Last Soviet Red Army Soldier From St Petersburg to Storm the Nazi Reichstag has Died

 
 
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Reichstag died

The last member of the Soviet Red Army division that lived in St. Petersburg and stormed the German Reichstag in Berlin at the end of World War Two has died aged 93. In his honor, the Russian Parliament flag was replaced with the Red Flag, which was raised by the Russian veteran’s regiment.

Nikolay Belyaev was the last survivor that lived in St. Petersburg who took part in storming the German Reichstag, which was undertaken by troops of the Soviet Third Shock Army. This was a division much feared by the enemy, and it lead the charge into Berlin in the closing days of the war.

Nikolay served with the 756th Regiment, which headed for the German Reichstag. When they reached the famous building, they removed the Nazi swastika flag that hung over the Nazi Parliament’s rooftop and replaced it with the Soviet’s own Red Flag. The date was the first of May, 1945.

Reports of Nikolay’s death swarmed Russian media, stating that Nikolay died in peace in the city of St. Petersburg. His friends said that Nikolay was a very active man right up until he died; a biography of his war experiences is due to be published next year.

After serving with the Red Army in World War Two, Nikolay transferred to the Soviet Navy and joined its Pacific fleet. When his tour of duty ended, Nikolay returned to his hometown and worked in a factory until he retired many years later.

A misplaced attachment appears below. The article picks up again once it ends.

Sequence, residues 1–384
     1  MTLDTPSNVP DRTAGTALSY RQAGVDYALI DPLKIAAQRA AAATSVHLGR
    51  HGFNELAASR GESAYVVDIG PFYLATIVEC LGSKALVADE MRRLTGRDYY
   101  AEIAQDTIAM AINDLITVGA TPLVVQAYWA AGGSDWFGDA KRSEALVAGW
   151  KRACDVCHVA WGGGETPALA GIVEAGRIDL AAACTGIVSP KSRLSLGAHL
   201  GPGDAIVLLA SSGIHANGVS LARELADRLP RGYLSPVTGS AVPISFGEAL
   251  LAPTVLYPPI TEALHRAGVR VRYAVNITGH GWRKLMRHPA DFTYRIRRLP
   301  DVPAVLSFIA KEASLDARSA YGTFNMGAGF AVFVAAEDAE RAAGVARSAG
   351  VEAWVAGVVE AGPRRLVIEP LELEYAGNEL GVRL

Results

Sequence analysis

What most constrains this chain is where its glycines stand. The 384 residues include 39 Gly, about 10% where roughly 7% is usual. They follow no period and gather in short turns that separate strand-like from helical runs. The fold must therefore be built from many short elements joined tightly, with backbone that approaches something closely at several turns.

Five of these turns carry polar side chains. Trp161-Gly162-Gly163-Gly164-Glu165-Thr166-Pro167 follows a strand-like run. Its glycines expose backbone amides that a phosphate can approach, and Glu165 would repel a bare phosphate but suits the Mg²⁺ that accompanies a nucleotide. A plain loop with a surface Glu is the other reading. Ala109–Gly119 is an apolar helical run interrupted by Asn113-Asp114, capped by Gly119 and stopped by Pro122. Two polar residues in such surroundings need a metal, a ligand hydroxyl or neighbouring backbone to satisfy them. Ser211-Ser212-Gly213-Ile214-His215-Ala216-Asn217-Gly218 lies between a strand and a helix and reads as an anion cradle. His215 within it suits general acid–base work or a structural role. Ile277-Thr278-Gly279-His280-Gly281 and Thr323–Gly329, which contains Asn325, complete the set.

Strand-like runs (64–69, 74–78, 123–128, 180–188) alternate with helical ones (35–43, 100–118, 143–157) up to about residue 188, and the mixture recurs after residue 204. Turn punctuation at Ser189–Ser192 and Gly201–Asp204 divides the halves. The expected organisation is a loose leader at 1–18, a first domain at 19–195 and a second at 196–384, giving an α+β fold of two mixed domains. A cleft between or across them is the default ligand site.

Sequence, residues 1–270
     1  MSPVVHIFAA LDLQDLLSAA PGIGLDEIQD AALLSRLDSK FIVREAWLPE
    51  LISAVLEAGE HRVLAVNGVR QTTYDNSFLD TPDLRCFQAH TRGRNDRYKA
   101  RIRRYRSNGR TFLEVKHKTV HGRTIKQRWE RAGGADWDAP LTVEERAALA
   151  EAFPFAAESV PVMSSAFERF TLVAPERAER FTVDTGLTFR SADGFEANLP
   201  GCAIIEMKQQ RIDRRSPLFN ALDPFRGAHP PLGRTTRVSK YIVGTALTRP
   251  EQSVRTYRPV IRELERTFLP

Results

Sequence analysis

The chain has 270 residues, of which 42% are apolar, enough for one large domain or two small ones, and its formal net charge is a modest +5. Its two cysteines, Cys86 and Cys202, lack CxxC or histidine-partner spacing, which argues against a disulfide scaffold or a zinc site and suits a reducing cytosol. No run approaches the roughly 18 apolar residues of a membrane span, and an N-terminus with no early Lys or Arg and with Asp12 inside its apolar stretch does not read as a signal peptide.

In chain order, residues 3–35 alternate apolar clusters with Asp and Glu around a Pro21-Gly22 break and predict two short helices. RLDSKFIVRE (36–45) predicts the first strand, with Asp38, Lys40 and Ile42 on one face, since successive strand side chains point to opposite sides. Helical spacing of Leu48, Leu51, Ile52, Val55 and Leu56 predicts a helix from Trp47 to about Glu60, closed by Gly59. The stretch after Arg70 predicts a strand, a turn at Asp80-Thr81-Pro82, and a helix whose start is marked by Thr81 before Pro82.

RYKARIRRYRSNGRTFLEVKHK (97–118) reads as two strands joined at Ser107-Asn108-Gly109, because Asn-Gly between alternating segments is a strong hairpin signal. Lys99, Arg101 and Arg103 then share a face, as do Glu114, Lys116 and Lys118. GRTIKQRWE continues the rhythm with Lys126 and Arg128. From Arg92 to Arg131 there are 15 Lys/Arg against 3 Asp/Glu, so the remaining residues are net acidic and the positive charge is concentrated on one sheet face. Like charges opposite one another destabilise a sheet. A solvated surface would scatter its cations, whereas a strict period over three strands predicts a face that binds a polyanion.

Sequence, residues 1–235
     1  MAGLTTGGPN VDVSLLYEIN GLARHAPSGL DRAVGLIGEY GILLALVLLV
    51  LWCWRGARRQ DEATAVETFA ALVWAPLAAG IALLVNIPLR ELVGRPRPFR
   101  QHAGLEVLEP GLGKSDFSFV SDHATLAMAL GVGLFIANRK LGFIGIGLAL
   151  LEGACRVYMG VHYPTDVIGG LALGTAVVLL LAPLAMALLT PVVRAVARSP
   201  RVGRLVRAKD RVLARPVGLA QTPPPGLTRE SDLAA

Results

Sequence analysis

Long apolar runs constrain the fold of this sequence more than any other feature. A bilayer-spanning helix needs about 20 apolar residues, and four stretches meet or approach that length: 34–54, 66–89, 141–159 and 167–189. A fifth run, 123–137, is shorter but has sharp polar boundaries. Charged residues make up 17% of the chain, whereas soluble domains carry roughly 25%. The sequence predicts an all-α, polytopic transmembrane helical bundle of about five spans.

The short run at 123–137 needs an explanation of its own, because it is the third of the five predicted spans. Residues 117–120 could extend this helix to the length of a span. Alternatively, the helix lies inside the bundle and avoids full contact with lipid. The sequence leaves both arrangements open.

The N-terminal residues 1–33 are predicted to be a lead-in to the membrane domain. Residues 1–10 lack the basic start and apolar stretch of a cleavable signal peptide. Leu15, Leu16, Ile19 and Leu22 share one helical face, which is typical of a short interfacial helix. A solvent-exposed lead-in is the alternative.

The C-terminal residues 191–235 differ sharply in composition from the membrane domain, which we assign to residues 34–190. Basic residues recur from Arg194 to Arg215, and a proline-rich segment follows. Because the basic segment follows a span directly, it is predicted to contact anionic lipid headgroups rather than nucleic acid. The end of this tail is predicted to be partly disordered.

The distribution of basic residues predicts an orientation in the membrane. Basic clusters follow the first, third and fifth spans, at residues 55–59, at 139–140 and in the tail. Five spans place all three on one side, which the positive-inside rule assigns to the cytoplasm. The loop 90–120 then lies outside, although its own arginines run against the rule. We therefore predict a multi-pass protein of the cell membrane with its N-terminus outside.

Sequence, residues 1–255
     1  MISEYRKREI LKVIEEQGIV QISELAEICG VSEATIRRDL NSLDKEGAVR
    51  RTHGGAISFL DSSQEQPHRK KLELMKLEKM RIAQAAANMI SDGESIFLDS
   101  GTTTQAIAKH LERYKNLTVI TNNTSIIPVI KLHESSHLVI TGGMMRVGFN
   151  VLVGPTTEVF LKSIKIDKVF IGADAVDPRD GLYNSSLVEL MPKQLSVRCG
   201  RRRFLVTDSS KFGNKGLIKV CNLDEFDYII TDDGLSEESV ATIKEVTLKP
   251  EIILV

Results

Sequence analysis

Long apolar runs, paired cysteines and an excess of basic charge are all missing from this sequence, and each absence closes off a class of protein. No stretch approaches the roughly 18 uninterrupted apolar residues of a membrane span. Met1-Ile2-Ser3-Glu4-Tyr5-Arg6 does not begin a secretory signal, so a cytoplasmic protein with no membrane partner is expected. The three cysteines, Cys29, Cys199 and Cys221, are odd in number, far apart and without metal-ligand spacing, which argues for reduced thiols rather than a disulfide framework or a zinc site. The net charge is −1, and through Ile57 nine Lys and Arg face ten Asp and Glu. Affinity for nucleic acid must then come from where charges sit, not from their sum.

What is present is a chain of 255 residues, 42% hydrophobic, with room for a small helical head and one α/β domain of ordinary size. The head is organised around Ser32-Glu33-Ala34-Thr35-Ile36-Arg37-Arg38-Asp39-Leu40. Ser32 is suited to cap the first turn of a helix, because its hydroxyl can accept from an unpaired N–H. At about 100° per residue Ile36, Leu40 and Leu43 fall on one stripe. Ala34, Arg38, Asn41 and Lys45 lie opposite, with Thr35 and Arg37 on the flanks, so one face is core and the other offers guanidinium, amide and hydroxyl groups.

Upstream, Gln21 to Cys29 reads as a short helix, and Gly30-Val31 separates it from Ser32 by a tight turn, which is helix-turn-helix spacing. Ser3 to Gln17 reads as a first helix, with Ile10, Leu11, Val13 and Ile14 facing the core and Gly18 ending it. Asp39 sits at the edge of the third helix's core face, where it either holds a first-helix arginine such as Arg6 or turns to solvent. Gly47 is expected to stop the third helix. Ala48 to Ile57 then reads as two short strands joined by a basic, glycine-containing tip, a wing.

The German Reichstag opened in 1894 and remains the historical center for Germany’s Government. The Nazis took over the Reichstag in 1933, but just as they did, a fire caused all political parties to move out, so they never actually used the building as their main headquarters. It was, however, seen as a symbolic center for the Third Reich and an appropriate place for the Allies and Red Army to conquer the Nazi party.

Nikolay’s regiment began its invasion of the Reichstag in the early morning of the last day of April in 1945. Stalin declared that it was in the hands of the Soviet Red Army the next day so the USSR’s May Day parades could celebrate the victory across the country.

Even though Stalin had made the announcement, the actual fighting to take the building continued all day on the 30th of April and on through to the early morning of the 1st of May. Even when the troops erected the Red Flag over the building, there was still fighting going on inside.

Around 200, German soldiers fighting for a long dead Nazi Empire died during the battle, and hundreds were injured.

At least ten more Red Army veterans who took part in that legendary attack, are still alive. As for now, the following are known:

Georgy Artemenkov (now living in Belarus)
Fedor Bakumenko (Kazakhstan)
Yakov Fadeyev (Moldova)
Vasily Korzanov (Estonia)
Ivan Lysenko, Hero of the Soviet Union (Russia)
Ivan Podvorny (Belarus)
Nikolay Rodionov (Russia)
Vasily Ustyugov (Russia)
Boris Vigdergauz (Russia)
Boris Zolotarevsky (Israel)